411. Change in human body temperature over time: defining a new “normal”
Session: Poster Abstract Session: HAI Non-Acute Care
Thursday, October 5, 2017
Room: Poster Hall CD
  • 411_IDWPOSTER.pdf (2.8 MB)
  • Background:  In 1851, the German physician, Carl Wunderlich, obtained the axillary temperatures of 25,000 patients, thereby establishing the current standard for human body temperature of 98.6¡F. Recent studies of temperature in modern populations, however, have consistently reported a lower temperature range. Using data from three cohorts, we investigated whether mean body temperature has changed over time.

    Methods: We compared body temperature measurements of white men from three cohorts: the Union Army Veterans of the Civil War, 1860-1940 (UAVCW, number of measurements N=54,809), the National Health and Nutrition Examination Survey I, 1971-1975 (NHANES, N= 7,541) and the Stanford Translational Research Integrated Database Environment, 2007-2017 (STRIDE, N=271,784).

    Results: Consistent with WunderlichÕs findings, the observed temperature in 30 year-old white men from the UAVCW cohort was 98.66¡F (95% CI: 98.62 - 98.69 ). Within the UAVCW itself, we observed a significant birth cohort effect, with temperatures of earlier cohorts consistently higher than those of later cohorts (p<0.001). Mean temperature from NHANES, adjusted for age, was 98.37 ¡F (95% CI: 98.34 - 98.41). The corresponding value from STRIDE was 98.03 ¡F (95% CI: 98.03 - 98.04). Because the last cohort used digital rather than mercury thermometers, based on published estimates, we adjusted the UAVCW and NHANES measurements down 0.2¡F when making cross-cohorts comparisons. Temperature readings from NHANES and STRIDE were consistently lower than those from UACWV (by 0.2 ¡F and 0.4 ¡F respectively) across all ages (Figure 1).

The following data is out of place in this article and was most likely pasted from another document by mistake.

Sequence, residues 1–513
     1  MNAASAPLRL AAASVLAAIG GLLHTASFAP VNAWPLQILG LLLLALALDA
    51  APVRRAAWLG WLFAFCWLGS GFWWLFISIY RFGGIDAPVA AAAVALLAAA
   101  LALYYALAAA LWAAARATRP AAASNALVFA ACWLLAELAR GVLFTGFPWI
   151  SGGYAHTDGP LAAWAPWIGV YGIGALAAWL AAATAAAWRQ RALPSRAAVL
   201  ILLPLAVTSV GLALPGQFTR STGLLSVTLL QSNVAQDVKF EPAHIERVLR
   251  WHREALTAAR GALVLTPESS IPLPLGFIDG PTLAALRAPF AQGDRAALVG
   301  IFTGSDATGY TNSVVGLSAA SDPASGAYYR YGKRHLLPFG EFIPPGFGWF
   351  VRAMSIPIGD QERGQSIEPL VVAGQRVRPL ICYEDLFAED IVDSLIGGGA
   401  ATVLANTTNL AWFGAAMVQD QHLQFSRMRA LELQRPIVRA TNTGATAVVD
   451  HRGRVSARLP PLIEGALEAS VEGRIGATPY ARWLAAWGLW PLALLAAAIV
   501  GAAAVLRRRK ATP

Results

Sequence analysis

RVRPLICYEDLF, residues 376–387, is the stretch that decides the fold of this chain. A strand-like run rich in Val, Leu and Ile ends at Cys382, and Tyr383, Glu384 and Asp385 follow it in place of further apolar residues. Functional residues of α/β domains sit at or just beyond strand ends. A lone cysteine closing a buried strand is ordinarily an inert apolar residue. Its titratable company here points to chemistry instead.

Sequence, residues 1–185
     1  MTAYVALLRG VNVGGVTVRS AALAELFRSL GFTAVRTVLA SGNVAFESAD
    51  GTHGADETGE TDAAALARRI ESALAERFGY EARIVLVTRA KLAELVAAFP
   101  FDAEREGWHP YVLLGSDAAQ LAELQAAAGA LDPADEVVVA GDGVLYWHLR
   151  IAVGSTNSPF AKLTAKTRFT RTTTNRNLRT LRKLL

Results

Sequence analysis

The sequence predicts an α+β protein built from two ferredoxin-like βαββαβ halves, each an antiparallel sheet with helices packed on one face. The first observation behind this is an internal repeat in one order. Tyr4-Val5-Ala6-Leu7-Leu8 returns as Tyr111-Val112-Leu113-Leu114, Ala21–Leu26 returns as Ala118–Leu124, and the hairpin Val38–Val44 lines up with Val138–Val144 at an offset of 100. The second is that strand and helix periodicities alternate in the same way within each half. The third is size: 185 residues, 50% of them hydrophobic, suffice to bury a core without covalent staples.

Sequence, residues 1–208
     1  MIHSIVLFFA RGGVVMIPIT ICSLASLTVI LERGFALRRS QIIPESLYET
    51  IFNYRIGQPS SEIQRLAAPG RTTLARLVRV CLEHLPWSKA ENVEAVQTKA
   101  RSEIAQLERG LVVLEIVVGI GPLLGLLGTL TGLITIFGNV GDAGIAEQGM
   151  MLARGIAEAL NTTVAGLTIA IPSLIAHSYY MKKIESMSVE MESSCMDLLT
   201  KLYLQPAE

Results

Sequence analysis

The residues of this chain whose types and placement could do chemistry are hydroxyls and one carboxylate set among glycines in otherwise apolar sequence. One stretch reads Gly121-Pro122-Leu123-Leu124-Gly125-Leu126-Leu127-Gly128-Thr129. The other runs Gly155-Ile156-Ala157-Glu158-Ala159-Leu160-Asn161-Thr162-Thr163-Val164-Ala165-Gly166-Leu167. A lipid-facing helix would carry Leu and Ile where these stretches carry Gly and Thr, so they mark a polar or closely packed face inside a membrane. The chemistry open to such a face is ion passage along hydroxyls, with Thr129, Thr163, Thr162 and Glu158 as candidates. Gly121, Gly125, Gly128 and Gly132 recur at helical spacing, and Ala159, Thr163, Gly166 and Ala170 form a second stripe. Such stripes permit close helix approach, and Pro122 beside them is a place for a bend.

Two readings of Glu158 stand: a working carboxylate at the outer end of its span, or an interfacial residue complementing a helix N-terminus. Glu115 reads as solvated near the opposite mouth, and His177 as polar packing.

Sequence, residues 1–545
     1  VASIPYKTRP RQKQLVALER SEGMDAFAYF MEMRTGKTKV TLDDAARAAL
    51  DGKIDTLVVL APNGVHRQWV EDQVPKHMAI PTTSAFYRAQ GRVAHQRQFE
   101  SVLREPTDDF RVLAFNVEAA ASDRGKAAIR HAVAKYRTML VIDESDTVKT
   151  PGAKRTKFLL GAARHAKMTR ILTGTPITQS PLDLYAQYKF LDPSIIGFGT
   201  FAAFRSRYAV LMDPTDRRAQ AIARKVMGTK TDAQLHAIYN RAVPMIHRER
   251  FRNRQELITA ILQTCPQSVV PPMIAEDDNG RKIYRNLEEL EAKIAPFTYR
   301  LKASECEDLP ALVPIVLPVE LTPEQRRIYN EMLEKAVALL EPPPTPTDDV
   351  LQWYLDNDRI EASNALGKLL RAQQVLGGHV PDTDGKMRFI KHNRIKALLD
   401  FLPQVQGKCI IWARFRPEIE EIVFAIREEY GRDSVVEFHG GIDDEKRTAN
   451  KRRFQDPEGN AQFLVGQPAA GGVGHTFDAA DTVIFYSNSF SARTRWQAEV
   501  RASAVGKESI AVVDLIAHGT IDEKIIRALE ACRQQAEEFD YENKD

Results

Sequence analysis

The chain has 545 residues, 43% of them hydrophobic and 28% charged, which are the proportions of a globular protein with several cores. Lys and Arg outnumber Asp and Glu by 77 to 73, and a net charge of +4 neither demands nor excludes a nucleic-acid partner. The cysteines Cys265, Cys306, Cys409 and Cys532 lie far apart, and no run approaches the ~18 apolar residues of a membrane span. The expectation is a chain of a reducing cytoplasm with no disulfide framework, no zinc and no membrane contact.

Conclusion: Human body temperature shows a birth cohort effect with mean normal body temperature decreasing since the 19th century by 0.4¡F.  Because we observed the birth cohort effect within a cohort where measurements were consistently obtained, we believe this drop reflects physiologic change rather than measurement bias. Although we are still establishing the the modern ÒnormalÓ temperature by age and gender, our observed mean temperature (oral digital) for 30 year-old white men is 98.03 ¡F (95% CI: 98.03 - 98.04).

    Figure 1. Body temperature for age in three cohorts



    Myroslava Protsiv, M.Sc. in Global Health1, Catherine Ley, PhD2 and Julie Parsonnet, MD, FIDSA2, (1)Division of Infectious Diseases & Geographic Medicine, Stanford University School of Medicine, Stanford, CA, (2)Department of Medicine, Division of Infectious Diseases and Geographic Medicine, Stanford University School of Medicine, Stanford, CA


    M. Protsiv, None

    C. Ley, None

    J. Parsonnet, None

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